Welcome, everyone, to the best Thursday of the sports calendar year.
Today, we tip our hats for the start of the NCAA Men’s Basketball Championships, where Kentucky will look to make it 40-0 when the final horn sounds on Easter Monday.
Players become legends, coaches earn immortality and everyone seeks that one shining moment.
While it’s a great made-for-television event, with four games going on at once Thursday and Friday, going to the early regionals are a must for your sports fan bucket list.
As the automatic bids were filled by conference championships, the NBA commissioner put the age limit argument on the public conversation stove again, and it didn’t take long to heat up.
The National Association of Basketball Coaches came out in support of the proposal to move the age minimum to 20 from the existing 19.
The player’s union, of course, thinks the limit should be moved down to 18 as it was for years. College basketball would benefit tremendously from this rule change and would add even more excitement to March Madness.
The game would get better because players would get better.
This seems to be the main argument for keeping players in college. Coaches are paid handsomely to win games for their teams, and do so by developing the players they recruit.
Just like working a regular job, the bosses get more out of investments the longer they stay together.
Long-serving coaches begrudgingly work with top recruits at times, knowing they’re just going to leave when the season ends for supposed fame and fortune in the NBA.
Honestly, they would probably rather see freshmen have to sit out and work in practice before instituting eligibility for their sophomore year.
For those of us who are a little older and remember the NCAA in the early 90s, we’ve noticed one main thing when we flip on games: They’re not as good as they once were.
No, that’s not the rose-colored glasses on the past affecting our vision of today. The game at the NCAA and even NBA level is fundamentally worse. Shooting has gone South in the last 15 years, and it’s not because of better defense.
Guys take bad shots and way too many threes without the smooth motion that only comes from time spent at the gym. You can still dominate with sheer athleticism, but the college game is so much about the right decision made in a split-second.
That kind of knowledge only comes from playing more than one year, and does a lot to predict success in the NBA.
Big money TV deals need big money teams.
I’ll give you guys a little preview of my bracket. I have Kentucky going all the way to the Final, where they’ll face Villanova and the best-looking bench boss in all sports, the always tan and well-dressed, Jay Wright.
Nova has benefitted from a team that has grown together and experienced ups and downs, heading toward this year’s 32-2 record and Big East crown. John Calipari just has a stacked lineup that tore through the country without facing much challenge to a 34-0 record.
Such a battle would pit two network carriage deals against each other.
Kentucky’s SEC Network runs through the ESPN family of networks. The conference-specific package has become a huge money maker for schools, although it's mostly predicated on football in the fall.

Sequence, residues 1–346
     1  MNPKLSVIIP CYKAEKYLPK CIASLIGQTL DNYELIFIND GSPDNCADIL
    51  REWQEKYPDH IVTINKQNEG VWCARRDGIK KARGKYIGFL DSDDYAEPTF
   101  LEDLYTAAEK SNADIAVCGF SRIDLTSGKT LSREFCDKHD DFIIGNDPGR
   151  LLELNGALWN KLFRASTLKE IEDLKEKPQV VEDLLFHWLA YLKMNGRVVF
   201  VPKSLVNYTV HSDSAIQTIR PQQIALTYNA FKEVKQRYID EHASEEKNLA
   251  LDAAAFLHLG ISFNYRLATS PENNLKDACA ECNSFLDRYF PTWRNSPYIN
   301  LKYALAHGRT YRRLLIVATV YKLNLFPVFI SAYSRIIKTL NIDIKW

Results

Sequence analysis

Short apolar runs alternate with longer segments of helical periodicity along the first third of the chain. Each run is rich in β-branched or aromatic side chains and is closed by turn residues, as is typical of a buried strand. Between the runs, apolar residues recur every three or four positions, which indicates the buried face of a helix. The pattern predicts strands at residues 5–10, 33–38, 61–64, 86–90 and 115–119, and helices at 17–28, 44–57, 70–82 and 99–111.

Since the split of the old Big East and the beginning of the 10-team group that spreads west, Fox Sports has aired the games on broadcast and cable.
The basketball focus of the conference could make that exclusive deal very lucrative if Nova pulls the upset, which I’m calling.
Much has been made of what college basketball was 25 years ago and how much stronger the sport was than today. The teams were stronger because players stayed longer and built rivalries and dynasties.
The talent may be similar, but the players who stay a short time don’t get to build notoriety. Networks who pay these high fees to air the games would love to build anticipation for rivalries new and old, like when Duke-UNLV was bigger than Duke-UNC.
The NCAA needs student-athletes, not just free agents.
The NCAA has taken a significant amount of criticism for the money they make while not really fulfilling their goal of shaping minds and making better citizens for society.
Usually, the academic criteria is lower than that of the general student population, particularly for the revenue-generating athletes in football and basketball.
If a student enrolls and plans to leave after one year, that’s a difficult proposition at any school, particularly a selective one like Duke or Vanderbilt. That’s not fair to the kid who wants to study four years, but can’t play ball.
This is an interesting moment for the NBA and NCAA. For players who need to make money for their families, or just don’t want to play in college, they can get a couple years of pro experience in overseas leagues.
Playing against grown men in a foreign country might do more to improve skills than playing against your age group in college. It also can do more to teach professional acumen and demeanor than being the BMOC (big man on campus).
The NBA Development League could expand its role if it wants to teach players more about the NBA style and provide a more structured analysis of talent development.
Here’s a solution that could work well, which I’m surprised no one has mentioned, yet: In MLB and NHL, players can be drafted at 18 and still go to college or juniors in hockey. The team holds players' rights and gets them when they exhaust eligibility or the team finds them ready.
Both sports have tiers of minor leagues that help develop talent.
NBA teams could certainly draft players, let them play in college, internationally or go right to the NBDL.
How much did Nerlens Noel lose when he sat on the bench for the 76ers instead of return to Kentucky last year? Then again, had he stayed this year, Kentucky might be unbeatable.
It’s an interesting proposition and will affect both levels of basketball moving forward.